Welsh Contributor Welsh, James M. Raw, Laurence Welsh, James M. How could we teach it? Subject Film adaptations -- Authorship Motion picture authorship -- Study and teaching. Library Locations Map Details. Ladd Library Borrow it. Library Links. About Library Policies Services. Embed Experimental. Layout options: Carousel Grid List Card.
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Dennis Cutchins is associate professor of English at Brigham Young University, where he teaches adaptation studies, as well as American and western literature . Get this from a library! Redefining adaptation studies. [Dennis R Cutchins; Laurence Raw; James Michael Welsh;].
Structured data from the Bibframe namespace is licensed under the Creative Commons Attribution 4. Additional terms may apply to data associated with third party namespaces. Link Analysis Experimental. Do they evolve through a series of small beneficial steps as envisioned by Charles Darwin, or through a series of rare but large jumps?
Or through a combination of both? For example, "did a giraffe 's neck get longer because there were thousands of mutations each resulting in a millimeter increase? Marx's research focuses on adaptation, the process by which populations improve in their ability to grow and survive. Understanding how adaptation works in smaller populations is important because many scenarios—from new infections to cancer—involve small numbers of cells.
Until recently, many scientists held the classic Darwinian view that adaptation occurs gradually through a series of small changes, he says. Furthermore, they believed that it is extremely rare that a random mutation would actually benefit an organism in a given environment, he says.
It would also mean that the mutations that won—rising to percent of the population—would give a fairly clear picture of what is biologically possible for that organism. In order to study adaptation, including how organisms can improve, Marx's laboratory grows hundreds of bacterial populations in the laboratory. Scientists can preserve live bacteria in an ultra-cold freezer, allowing them to revive and directly study their common ancestor, the one they used to initiate succeeding generations over time.
Recent work from a number of laboratories, including Marx's, has shown that beneficial mutations actually can occur much more readily than previously thought. He compares this competition between rival genetic innovations to what happens in a market economy when, for example, a new field opens and "many companies enter the race and, over time, the better ones beat out the weaker ones," he says.
Thus, the current theory is that small populations improve via little steps and big populations take big steps.
Advanced Search Help. You are not authenticated to view the full text of this chapter or article. It is thus important to understand the paleoenvironment of this period. Honoring yourself in more varied and creative ways contributes far more to your ultimate success. Here's an example of what they look like: Your reading intentions are also stored in your profile for future reference. A longstanding tenet in the medical literature is that the development of insulin resistance and other features of metabolic syndrome is a pathophysiological process, meaning that it is either caused by a disease or represents a dysregulation of normal physiological mechanisms 8 , We propose that the metabolic syndrome be changed to fat storage condition to more clearly align with its etiology.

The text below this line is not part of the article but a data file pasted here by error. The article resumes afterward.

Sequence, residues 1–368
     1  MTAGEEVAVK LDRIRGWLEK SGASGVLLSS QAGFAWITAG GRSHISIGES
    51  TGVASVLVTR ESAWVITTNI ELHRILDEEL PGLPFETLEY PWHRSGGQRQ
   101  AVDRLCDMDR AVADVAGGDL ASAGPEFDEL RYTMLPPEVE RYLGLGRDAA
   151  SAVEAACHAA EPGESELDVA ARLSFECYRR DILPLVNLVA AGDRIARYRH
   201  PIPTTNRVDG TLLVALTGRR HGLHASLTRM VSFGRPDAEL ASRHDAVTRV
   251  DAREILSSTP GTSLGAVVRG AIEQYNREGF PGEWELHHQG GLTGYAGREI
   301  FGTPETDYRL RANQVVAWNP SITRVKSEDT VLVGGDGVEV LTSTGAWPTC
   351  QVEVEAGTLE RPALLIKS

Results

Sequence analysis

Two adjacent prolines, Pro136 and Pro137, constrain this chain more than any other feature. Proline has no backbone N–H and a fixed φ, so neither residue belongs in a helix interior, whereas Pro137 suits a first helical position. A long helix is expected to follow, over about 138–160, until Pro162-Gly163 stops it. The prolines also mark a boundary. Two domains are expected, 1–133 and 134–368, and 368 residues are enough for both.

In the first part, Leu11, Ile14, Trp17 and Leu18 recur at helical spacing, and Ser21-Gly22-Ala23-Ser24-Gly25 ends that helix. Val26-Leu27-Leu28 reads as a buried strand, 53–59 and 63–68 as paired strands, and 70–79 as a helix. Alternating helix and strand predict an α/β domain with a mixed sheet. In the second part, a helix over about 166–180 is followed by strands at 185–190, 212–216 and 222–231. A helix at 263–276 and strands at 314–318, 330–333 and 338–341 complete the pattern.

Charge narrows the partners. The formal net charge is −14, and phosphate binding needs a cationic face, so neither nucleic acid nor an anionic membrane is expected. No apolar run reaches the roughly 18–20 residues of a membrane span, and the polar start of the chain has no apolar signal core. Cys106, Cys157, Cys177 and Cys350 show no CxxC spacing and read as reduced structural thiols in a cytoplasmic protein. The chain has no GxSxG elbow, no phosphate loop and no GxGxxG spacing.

The award supports junior faculty who exemplify the role of teacher-scholars through outstanding research, excellent education and the integration of education and research within the context of the mission of their organization. The educational component of his grant includes a project-based lab course built around experimental evolution, and a website where scientists who work in microbial evolution can freely share educational materials.
Specifically, Marx has been studying Methylobacterium, a common microbe that lives on the surface of leaves and eats such things as methanol. Based upon ongoing work evolving Methylobacterium in the laboratory, Marx and his graduate student, Nigel Delaney, have both confirmed and begun to question current beliefs. The second is that big populations should have more infighting than little populations, which is also true.
The third is that big populations will move by big steps, and small populations will move by small steps. Their work is ongoing; however, their current data suggest that the third point might not necessarily be true. We've seen that in our bug, and it completely changes the picture.
The experiments conducted by Marx and others using populations of microbes in the laboratory that they can control allows them to learn about the range of adaptation possibilities in a way that is difficult when directly studying infectious diseases or cancer, where there will be confounding differences in environments, starting strains or host genetics, and medical treatments.
Marx's lab also has begun to examine the outcome of combining more than one beneficial mutation. Last year, in a paper his team published in the journal Science , they reported on a general trend of diminishing returns.
Similarly, a University of Houston group led by Marx's friend and colleague, Tim Cooper, an assistant professor of biology, found this identical trend in the evolution of Escherichia coli. Indeed, later papers with viruses and yeast have seen the same. Ultimately, Marx and Cooper decided to submit their papers at the same time, because "unlike the mutations we studied, we felt our work was more valuable when combined.
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